Beyond the friendly diktats and signature hugs, Prime Minister Narendra Modi’s visit to the Unites States on June 25 and 26 had some overlooked signals on the future of Afghanistan policy. With the United States still mulling over its new direction, India has much to consider when it comes to President Donald Trump’s Af-Pak policy.
The joint statement concluded during Modi’s visit emphasized the need for development in Afghanistan and was appreciative of Indian efforts in this regard. The statement also announced that Washington would co-sponsor the India-Afghanistan Export, Trade and Investment Fair in September 2017. Yet Trump has also indicated such support that would require considerable participation from India in bringing what the statement called “increased stability and prosperity in Afghanistan.”
Is India ready for deep security engagement in Afghanistan? Will this be required as Trump’s Af-Pak policy is unveiled?
A clearer picture will emerge once U.S. Defense Secretary James Mattis puts forth the revised Af-Pak policy latter in the month. But policy rhetoric to date has seen the United States fit Pakistan into its counterterrorism narrative while also highlighting the constructive role played by India in stabilizing Afghanistan. This may hint that the United States would want India to be part of the anti-terror campaign by anchoring its soldiers in Afghanistan. As Trump defines India’s Afghan burden, it would be interesting to see how India takes on the regional dynamics.
In Afghanistan, India has been successful in boosting economic ties and displaying its soft power. A Pentagon report, titled “Enhancing Security and Stability in Afghanistan,” released early in June, labelled India “as Afghanistan’s most reliable regional partner.” The same report took a dig against Pakistan, reminding readers of the “Afghan-oriented militant groups” that “retain freedom of action inside Pakistani territory” and are supported by “elements of the Pakistani government.”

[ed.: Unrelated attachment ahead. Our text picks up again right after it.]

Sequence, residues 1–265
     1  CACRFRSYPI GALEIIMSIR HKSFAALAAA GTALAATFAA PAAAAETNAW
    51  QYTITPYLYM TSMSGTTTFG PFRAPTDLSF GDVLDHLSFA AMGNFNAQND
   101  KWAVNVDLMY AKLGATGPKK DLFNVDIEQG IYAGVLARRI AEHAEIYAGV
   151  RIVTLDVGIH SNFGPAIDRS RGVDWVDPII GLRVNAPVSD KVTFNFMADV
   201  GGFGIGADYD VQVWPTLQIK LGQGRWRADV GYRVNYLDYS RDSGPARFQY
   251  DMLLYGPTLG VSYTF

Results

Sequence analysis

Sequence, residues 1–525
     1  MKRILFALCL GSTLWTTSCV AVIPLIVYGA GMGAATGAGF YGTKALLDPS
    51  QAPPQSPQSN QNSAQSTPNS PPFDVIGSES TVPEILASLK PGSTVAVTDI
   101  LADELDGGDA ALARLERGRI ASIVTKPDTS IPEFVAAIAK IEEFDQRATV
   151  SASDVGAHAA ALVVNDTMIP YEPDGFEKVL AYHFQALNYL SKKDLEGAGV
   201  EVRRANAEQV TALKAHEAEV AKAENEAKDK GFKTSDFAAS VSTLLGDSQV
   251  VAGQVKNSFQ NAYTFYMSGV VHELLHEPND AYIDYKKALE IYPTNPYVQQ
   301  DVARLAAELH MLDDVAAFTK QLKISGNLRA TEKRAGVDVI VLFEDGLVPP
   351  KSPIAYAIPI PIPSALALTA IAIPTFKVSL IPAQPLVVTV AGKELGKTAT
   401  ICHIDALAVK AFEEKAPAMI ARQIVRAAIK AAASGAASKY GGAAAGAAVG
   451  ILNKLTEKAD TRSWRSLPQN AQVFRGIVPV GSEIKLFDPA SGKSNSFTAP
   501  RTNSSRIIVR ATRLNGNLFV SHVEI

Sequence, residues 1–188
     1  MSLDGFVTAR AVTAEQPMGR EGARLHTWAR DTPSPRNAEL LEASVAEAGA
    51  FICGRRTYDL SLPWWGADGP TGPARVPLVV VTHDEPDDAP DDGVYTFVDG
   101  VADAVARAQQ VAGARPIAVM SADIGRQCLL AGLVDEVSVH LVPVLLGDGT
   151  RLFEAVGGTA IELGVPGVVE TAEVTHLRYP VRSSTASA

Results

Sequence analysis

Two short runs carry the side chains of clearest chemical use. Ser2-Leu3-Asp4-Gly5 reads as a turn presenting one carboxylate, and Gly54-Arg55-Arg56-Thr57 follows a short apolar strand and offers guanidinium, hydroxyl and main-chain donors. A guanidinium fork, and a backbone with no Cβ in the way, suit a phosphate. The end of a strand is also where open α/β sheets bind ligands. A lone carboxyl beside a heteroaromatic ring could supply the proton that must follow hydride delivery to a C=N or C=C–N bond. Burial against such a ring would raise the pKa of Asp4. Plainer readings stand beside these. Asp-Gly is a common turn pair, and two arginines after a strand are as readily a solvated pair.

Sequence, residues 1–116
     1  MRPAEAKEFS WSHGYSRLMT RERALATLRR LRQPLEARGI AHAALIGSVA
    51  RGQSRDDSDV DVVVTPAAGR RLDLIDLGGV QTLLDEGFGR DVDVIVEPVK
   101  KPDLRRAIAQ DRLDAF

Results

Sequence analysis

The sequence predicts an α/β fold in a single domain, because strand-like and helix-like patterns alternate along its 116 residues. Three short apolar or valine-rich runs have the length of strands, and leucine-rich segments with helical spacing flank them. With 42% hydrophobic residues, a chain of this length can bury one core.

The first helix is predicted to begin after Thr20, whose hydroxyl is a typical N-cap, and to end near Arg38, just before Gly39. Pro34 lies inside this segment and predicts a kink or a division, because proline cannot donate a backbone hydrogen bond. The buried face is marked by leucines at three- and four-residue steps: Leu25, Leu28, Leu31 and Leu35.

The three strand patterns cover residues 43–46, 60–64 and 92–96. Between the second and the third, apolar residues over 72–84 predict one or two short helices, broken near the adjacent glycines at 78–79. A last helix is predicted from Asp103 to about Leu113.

India has already upped the security ante in Afghanistan. Apart from training Afghan National Security Forces inside India, Modi has gone a step further and supplied Kabul with eight MI 25 attack helicopters, thus ticking off one of the demands from then-Afghan President Hamid Karzai’s wish list to India during his 2013 visit. Although New Delhi has so far been reluctant to put boots on the ground, do these steps indicate a possible security involvement?
The ground for a deeper engagement in Afghanistan was laid when Trump’s National Security Adviser H.R. McMaster discussed the situation in Kabul with his Indian counterpart, Ajit Doval, a week after the U.S. military dropped the “mother of all bombs.” Prior to that, Doval had made a quiet visit to the United States for a few days in March, during which he met the Homeland Security Secretary John Kelly and McMaster to discuss Afghanistan. Hence as the United States surges troops and adopts a hardened approach toward the Taliban, India might support the stand militarily.